Cleartrip (previously known as Cleartrip Travel Services Private Limited) is a global online travel company, headquartered in Mumbai and Dubai. The company operates an online travel aggregator website for booking flights and train tickets, hotel reservations, and activities in India and the Middle East countries. It has offices across India, UAE, Saudi Arabia and Egypt.

Glacier Park International Airport

Glacier Park International Airport (IATA: FCA, ICAO: KGPI, FAA LID: GPI) is in Flathead County, Montana, six miles northeast of Kalispell. The airport is owned and operated by the Flathead Municipal Airport Authority, a public agency created by the county in 1974.

The airport's ICAO code was KFCA, and most airlines still use that code for reservations purposes. Most U.S. airports use the same three-letter location identifier for the FAA and IATA, but Glacier Park International Airport is GPI to the FAA and FCA to the IATA (which assigned GPI to Guapi Airport in Colombia.)

ITA Software

ITA Software is a travel industry software division of Google, formerly an independent company, in Cambridge, Massachusetts. The company was founded by Jeremy Wertheimer, a computer scientist from the MIT Artificial Intelligence Laboratory and Cooper Union, with his partner Richard Aiken in 1996. On July 1, 2010, ITA agreed to be acquired by Google. On April 8, 2011, the US Department of Justice approved the buyout. As part of the agreement, Google was required to license ITA software to other websites for five years.

List of Google products

The following is a list of products and services provided by Google.

List of mergers and acquisitions by Alphabet

Google is a computer software and a web search engine company that acquired, on average, more than one company per week in 2010 and 2011. The table below is an incomplete list of acquisitions, with each acquisition listed being for the respective company in its entirety, unless otherwise specified. The acquisition date listed is the date of the agreement between Google and the acquisition subject. As Google is headquartered in the United States, acquisition is listed in US dollars. If the price of an acquisition is unlisted, then it is undisclosed. If the Google service that is derived from the acquired company is known, then it is also listed here. Google itself was re-organized into a subsidiary of a larger holding company known as Alphabet Inc. in 2015.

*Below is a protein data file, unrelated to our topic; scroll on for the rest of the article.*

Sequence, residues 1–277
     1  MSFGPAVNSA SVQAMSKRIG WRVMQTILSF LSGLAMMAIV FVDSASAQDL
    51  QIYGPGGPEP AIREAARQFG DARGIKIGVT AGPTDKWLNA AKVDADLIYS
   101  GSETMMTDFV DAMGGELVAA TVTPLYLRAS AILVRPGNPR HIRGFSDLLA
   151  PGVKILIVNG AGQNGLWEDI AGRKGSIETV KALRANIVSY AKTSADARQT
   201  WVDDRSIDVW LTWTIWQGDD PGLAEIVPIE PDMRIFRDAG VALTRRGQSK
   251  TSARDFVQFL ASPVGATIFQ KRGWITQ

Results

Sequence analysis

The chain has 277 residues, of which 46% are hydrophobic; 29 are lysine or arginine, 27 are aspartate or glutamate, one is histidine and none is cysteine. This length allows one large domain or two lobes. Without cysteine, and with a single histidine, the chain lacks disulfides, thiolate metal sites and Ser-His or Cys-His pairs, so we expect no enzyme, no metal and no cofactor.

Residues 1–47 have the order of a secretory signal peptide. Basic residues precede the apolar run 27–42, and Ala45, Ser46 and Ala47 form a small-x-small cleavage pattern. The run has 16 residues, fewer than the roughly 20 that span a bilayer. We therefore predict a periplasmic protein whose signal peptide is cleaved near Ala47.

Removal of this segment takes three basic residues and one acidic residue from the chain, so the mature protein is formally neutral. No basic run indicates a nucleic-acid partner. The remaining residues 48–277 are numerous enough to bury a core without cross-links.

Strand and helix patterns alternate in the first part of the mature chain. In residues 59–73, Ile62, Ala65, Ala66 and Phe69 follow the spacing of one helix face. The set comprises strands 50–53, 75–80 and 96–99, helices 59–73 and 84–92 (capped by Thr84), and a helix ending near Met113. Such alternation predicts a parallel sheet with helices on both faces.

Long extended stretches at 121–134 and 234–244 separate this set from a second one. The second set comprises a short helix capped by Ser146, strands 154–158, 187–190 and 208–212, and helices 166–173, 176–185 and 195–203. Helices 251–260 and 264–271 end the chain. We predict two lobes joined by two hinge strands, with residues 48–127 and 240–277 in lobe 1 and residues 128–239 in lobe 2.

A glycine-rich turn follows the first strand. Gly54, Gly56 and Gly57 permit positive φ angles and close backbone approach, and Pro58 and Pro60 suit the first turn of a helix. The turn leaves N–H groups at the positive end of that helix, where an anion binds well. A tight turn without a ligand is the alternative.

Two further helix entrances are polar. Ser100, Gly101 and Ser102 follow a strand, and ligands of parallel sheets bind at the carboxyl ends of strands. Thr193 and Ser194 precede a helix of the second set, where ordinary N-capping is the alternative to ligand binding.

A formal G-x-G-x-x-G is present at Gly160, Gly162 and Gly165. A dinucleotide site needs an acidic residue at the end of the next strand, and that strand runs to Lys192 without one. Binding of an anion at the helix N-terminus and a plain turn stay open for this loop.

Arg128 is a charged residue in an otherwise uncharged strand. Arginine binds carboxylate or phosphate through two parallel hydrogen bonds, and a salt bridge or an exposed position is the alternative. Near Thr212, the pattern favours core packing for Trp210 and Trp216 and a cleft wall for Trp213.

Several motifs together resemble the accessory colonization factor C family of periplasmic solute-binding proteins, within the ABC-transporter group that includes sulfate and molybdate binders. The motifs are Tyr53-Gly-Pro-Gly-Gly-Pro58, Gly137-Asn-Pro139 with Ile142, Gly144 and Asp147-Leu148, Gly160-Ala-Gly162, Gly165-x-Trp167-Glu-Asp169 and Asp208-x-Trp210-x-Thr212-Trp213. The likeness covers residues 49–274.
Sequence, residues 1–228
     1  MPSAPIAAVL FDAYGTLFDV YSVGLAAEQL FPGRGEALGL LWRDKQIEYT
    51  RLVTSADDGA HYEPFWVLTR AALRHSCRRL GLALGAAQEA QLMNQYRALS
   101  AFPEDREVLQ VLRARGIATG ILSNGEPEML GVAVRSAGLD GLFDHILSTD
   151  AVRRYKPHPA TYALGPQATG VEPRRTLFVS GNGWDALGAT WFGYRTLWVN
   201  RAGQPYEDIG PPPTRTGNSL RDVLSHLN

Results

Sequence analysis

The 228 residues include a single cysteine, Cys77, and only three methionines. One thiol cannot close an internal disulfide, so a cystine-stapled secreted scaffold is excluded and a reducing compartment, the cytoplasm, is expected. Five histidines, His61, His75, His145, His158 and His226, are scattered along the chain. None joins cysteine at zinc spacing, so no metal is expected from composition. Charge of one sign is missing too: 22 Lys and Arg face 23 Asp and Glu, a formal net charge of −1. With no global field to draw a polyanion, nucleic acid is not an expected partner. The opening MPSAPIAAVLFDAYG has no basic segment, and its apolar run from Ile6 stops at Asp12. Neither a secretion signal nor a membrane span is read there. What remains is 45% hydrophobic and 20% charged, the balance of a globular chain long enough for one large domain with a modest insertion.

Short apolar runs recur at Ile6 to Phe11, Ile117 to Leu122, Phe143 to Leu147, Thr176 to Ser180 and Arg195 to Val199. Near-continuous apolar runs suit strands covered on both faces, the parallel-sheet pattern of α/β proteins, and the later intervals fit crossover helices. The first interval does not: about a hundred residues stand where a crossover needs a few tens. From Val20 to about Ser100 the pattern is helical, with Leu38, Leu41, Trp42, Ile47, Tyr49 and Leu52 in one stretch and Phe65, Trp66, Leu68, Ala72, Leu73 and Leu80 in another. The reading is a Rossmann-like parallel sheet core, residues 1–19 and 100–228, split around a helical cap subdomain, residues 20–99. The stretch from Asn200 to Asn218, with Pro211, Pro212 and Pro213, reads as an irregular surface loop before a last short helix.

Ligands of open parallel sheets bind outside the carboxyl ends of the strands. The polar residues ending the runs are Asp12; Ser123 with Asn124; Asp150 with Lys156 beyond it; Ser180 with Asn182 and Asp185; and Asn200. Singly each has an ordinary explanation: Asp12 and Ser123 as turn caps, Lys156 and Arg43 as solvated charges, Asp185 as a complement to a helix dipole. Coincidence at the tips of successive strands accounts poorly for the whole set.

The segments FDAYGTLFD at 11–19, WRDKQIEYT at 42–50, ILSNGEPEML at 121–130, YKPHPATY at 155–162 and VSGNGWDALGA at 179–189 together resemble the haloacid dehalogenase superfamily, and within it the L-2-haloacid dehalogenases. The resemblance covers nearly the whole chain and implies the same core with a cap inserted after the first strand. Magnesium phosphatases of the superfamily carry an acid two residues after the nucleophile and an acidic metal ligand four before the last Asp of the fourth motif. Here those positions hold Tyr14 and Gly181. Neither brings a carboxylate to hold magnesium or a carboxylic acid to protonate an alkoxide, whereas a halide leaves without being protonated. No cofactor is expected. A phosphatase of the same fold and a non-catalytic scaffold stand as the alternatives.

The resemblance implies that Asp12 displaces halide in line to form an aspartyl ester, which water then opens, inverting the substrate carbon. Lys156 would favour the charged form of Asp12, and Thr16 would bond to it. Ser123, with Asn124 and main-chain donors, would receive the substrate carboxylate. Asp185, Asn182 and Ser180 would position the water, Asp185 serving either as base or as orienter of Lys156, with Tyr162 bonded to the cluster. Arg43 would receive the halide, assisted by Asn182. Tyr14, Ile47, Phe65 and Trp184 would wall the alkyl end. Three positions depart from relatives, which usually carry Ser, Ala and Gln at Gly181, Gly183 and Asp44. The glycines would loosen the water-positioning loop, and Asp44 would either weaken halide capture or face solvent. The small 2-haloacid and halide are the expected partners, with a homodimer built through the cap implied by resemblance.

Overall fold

As of December 2016, Alphabet has acquired over 200 companies, with its largest acquisition being the purchase of Motorola Mobility, a mobile device manufacturing company, for $12.5 billion. Most of the firms acquired by Google are based in the United States, and, in turn, most of these are based in or around the San Francisco Bay Area. To date, Alphabet has divested itself of four business units: Frommers, which was sold back to Arthur Frommer in April 2012; SketchUp, which was sold to Trimble in April 2012, Boston Dynamics in early 2016 and Google Radio Automation, which was sold to WideOrbit in 2009.Many Google products originated as services provided by companies that Google has since acquired. For example, Google's first acquisition was the Usenet company Deja News, and its services became Google Groups. Similarly, Google acquired Dodgeball, a social networking service company, and eventually replaced it with Google Latitude. Other acquisitions include web application company JotSpot, which became Google Sites; Voice over IP company GrandCentral, which became Google Voice; and video hosting service company Next New Networks, which became YouTube Next Lab and Audience Development Group. CEO Larry Page has explained that potential acquisition candidates must pass a sort of "toothbrush test": Are their products potentially useful once or twice a day, and do they improve your life?Following the acquisition of Israel-based startup Waze in June 2013, Google submitted a 10-Q filing with the Securities Exchange Commission (SEC) that revealed that the corporation spent $1.3 billion on acquisitions during the first half of 2013, with $966 million of that total going to Waze.

Paid inclusion

Paid inclusion is a search engine marketing product where the search engine company charges fees related to inclusion of websites in their search index. The use of paid inclusion is controversial and paid inclusion's popularity has decreased over time among search engines.

Search engines
Defunct
Overview
Advertising
Communication
Software
Platforms
Hardware
Development
tools
Publishing
Search
(timeline)
Events
People
Other
Related

This page is based on a Wikipedia article written by authors (here).
Text is available under the CC BY-SA 3.0 license; additional terms may apply.
Images, videos and audio are available under their respective licenses.